Primary Stages at The Duke on 42nd Street
September 24 thru October 31
Written by Billy Porter
Directed by Sheryl Kaller
Though it needs some shaping and trimming, While I Yet Live, Billy Porter’s debut playwriting effort about growing up black and gay in Pittsburgh, is an auspicious piece of work receiving a first-rate production at Primary Stages. Cast with a quintet of superb actresses – each with a plumb role – Porter’s play is an autobiographical homage to the women who raised him and the lives they sacrificed along the way. Directed with sharp acuity by Sheryl Kaller (last season’s Mother and Sons and Tony-nominated for Next Fall), the first act of While I Yet Live tells the story of Calvin, Porter’s stand-in, played with assuredness by Larry Powell in a winning performance, who must leave his dysfunctional home as an act of emotional self-preservation. Its second act charts the psychological transformation of Calvin’s mother, who must learn to overcome her fundamentalist judgment and entrenched homophobia as her physical condition deteriorates dramatically.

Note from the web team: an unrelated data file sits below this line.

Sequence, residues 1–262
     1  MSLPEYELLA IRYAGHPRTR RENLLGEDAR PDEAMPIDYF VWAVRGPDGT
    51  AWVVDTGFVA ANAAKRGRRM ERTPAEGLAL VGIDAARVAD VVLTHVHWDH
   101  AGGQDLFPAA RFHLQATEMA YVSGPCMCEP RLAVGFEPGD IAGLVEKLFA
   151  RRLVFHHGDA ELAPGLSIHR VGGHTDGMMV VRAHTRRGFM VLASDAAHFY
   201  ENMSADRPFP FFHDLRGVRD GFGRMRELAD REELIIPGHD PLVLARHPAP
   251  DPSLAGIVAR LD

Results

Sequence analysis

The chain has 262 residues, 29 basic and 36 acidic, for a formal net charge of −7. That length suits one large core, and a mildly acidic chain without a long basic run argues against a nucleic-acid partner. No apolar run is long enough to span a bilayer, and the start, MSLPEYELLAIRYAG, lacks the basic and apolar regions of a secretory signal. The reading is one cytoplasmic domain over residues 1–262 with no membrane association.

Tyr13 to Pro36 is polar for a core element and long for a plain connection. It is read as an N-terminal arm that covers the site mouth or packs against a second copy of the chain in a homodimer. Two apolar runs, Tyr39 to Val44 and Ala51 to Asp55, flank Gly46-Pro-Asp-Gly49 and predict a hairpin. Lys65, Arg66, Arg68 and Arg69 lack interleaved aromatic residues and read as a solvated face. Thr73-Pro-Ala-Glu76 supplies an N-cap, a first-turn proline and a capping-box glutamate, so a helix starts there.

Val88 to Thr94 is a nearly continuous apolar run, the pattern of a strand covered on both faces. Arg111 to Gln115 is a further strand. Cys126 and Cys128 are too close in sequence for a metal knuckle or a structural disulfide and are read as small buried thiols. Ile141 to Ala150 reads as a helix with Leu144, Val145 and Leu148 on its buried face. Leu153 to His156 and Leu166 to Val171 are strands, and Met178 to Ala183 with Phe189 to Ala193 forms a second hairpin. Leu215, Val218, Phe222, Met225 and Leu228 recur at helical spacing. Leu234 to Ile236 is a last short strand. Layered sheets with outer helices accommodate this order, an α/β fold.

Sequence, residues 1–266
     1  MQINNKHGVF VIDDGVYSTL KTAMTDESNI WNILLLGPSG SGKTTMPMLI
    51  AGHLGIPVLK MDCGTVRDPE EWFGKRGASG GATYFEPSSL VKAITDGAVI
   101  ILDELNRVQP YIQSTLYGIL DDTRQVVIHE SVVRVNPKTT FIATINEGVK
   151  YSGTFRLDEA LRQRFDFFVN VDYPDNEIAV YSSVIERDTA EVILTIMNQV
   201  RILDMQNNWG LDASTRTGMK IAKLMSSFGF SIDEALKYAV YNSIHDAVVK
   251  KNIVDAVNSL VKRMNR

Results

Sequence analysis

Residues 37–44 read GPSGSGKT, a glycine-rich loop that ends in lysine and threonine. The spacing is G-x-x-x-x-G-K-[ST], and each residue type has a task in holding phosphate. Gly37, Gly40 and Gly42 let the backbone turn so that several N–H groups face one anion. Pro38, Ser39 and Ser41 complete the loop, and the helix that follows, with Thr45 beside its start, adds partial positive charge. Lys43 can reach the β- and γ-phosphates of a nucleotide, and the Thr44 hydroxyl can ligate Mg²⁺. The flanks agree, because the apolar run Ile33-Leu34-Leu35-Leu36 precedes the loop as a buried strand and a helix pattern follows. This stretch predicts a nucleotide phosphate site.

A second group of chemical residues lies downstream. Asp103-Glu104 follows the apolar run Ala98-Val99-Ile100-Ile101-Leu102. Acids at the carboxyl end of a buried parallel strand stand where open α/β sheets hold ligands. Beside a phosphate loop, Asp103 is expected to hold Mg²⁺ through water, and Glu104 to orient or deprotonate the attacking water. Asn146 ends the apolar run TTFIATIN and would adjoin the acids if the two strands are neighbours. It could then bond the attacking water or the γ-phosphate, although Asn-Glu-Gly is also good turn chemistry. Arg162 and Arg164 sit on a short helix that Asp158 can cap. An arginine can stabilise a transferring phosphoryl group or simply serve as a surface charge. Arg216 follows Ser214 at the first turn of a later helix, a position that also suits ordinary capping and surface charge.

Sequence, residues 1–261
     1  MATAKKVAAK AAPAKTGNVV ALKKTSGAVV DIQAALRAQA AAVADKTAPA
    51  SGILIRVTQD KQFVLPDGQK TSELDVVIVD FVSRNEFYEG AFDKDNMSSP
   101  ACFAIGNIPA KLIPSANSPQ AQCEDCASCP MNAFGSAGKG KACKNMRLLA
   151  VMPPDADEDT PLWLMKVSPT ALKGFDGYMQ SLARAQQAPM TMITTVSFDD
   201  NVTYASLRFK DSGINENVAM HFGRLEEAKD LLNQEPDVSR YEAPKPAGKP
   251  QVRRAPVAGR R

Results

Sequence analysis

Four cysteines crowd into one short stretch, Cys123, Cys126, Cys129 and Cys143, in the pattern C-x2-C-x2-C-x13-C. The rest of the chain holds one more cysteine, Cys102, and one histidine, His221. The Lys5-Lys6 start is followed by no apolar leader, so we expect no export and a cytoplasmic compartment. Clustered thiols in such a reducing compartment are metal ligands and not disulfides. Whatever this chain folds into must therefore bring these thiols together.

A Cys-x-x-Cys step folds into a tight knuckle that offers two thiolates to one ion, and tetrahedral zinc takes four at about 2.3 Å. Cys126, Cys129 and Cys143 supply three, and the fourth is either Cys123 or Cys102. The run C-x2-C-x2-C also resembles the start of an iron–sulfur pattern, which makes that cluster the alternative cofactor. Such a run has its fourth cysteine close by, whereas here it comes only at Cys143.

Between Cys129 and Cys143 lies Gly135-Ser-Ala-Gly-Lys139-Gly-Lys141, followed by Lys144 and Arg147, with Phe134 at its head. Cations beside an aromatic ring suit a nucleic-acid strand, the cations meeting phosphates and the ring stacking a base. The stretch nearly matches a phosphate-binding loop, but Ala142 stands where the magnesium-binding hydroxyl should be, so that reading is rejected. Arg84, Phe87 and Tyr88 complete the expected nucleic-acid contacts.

The women in Calvin’s life are: his mother, Maxine, heartbreakingly portrayed by S. Epatha Merkerson in a shattering portrayal; Maxine’s overbearing sister Delores who’s born her sister a life-long grudge, magnificently rendered by Elain Graham; their mother, Gertrude, played with no-nonsense sass by Tony-winner Lillias White; Maxine’s best friend, Eva, who’s ill with cancer and loathe to confess her secrets to Maxine for fear of being judged, a terrific Sharon Wasington; and Maxine’s daughter and Calvin’s sister, Tonya, sensationally played by Sheria Irving.
The only other man in the play is Maxine’s husband, Tonya’s father and Calvin’s stepfather, Vernon, who it’s revealed early on has been sexually abusing Calvin for years – and that Maxine has known about the abuse for at least the last two years when the play begins. Vernon is sensitively portrayed by Kevyn Morrow in a performance as fearsome as it is surprisingly sympathetic.
When it’s firing on all cylinders, which is most of the time, the rapid-fire exchange of familial dialogue rings with authenticity. In their interactions together, Porter perfectly captures the give and take that’s part and parcel to growing up in a family filled with bigger-than-life personalities. This is especially true of scenes in the second act which deal with Tonya’s resentment of Calvin for escaping to New York and leaving her to care for their invalid aunt. Some scenes need to be tightened, the use of characters as ghosts refined and some of the preachiness in Maxine’s eleven o’clock revelations need to be lessened. Overall, however, Porter’s written a thoughtful and moving portrait of one family’s struggle with lies, deceit, and betrayal that we haven’t seen before – at least not in the context of an African-American family dealing with the coming out of a gay son.